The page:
Thomas F. Bertonneau | Oswego, NY United States | 01/24/2001
(4 out of 5 stars)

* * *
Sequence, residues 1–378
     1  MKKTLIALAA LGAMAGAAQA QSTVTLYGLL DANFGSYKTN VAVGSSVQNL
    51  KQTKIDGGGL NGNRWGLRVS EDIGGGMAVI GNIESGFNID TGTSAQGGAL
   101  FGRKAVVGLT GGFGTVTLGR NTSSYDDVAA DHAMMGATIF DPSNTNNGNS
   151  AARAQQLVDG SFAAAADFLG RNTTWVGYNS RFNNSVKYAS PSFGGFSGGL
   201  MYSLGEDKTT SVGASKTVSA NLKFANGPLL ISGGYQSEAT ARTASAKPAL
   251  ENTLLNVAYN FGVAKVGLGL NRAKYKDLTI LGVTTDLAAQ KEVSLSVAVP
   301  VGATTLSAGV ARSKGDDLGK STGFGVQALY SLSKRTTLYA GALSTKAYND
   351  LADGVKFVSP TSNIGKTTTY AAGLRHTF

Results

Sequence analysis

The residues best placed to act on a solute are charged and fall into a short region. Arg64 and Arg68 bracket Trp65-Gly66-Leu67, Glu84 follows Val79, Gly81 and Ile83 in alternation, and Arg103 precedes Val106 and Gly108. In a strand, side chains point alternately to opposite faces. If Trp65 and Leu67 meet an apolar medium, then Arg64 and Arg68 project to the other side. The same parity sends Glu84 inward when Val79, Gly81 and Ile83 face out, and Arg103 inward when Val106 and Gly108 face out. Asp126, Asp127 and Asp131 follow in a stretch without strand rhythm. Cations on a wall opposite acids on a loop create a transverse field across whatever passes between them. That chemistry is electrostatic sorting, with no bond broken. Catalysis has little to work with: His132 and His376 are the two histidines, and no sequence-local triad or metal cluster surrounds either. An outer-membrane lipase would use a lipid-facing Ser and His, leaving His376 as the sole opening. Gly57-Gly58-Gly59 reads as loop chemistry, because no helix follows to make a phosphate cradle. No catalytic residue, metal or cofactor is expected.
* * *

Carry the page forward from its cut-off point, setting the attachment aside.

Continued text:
"Yes, yes. Anton Webern (1883-1945) took the implications of the so-called Second Viennese School to their most radical conclusions, but like his teacher Arnold Schoenberg and his fellow Schoenberg-student Alban Berg, Webern remained in touch with the Mahlerian late-Romanticism of his youth. Even the gnomic Symphony, Opus 21 (1927) looks back to Mahler and makes (I believe) specific references to the Ninth Symphony. Consider the opening gestures of Webern's Symphony: We hear harp, strings, and horn - the very same combination in evidence in the first movement of Mahler's valedictory D-Minor Symphony. This is fin-de-siècle hyper-Romanticism glimpsed through the refractory lens of post-Hapsburg modernism. Webern originally planned four movements for his Symphony but typically left only two for posterity. Had he fulfilled his plan, the existing movements would probably make more sense than they do and indeed their underlying Romanticism might be clearer. Herbert von Karajan played this music very slowly, drawing the Symphony out to over a quarter of an hour, almost as if to lend it Mahlerian proportions. Boulez, of course, takes it faster, but he grasps the link with Mahler more clearly than von Karajan. I once heard Boulez lead a rehearsal of Mahler's Ninth, and he lavished a great deal of attention to the timbres of the opening bars of the First Movement. He finds those same timbres in the corresponding bars of Webern's score. Does it seem odd to speak of Webern's Romanticism? But one only has to look at the texts that he chose for his vocal and choral music, especially the mystical poems by Hildegard Jone, with their Hölderlinian fondness for nocturnal nature-imagery and lightning-like revelations of Being, as in "Das Augenblick": "O sea of glances with its surf of tears... When the night of your eyelids silently descends / upon your depths, your waters wash / against those of death." Not even the "French" interpretations of Boulez can hide this. In fact, as they bring out the convergence of Webernian minimalism with Debussy's late style, also an outgrowth of Romanticism, they reinforce the intuition. This is the best Webern anthology ever, with crisp, luminous playing from the Berlin Philharmonic, beautifully recorded. Despite Boulez's reputation for uncompromising Cartesian coldness, what we have here is Webern the sensualist, Webern the mystic, Webern the devotee of Mahler. Of the Big Three atonalists, Webern is the least intimidating and Boulez makes for him a very user-friendly case."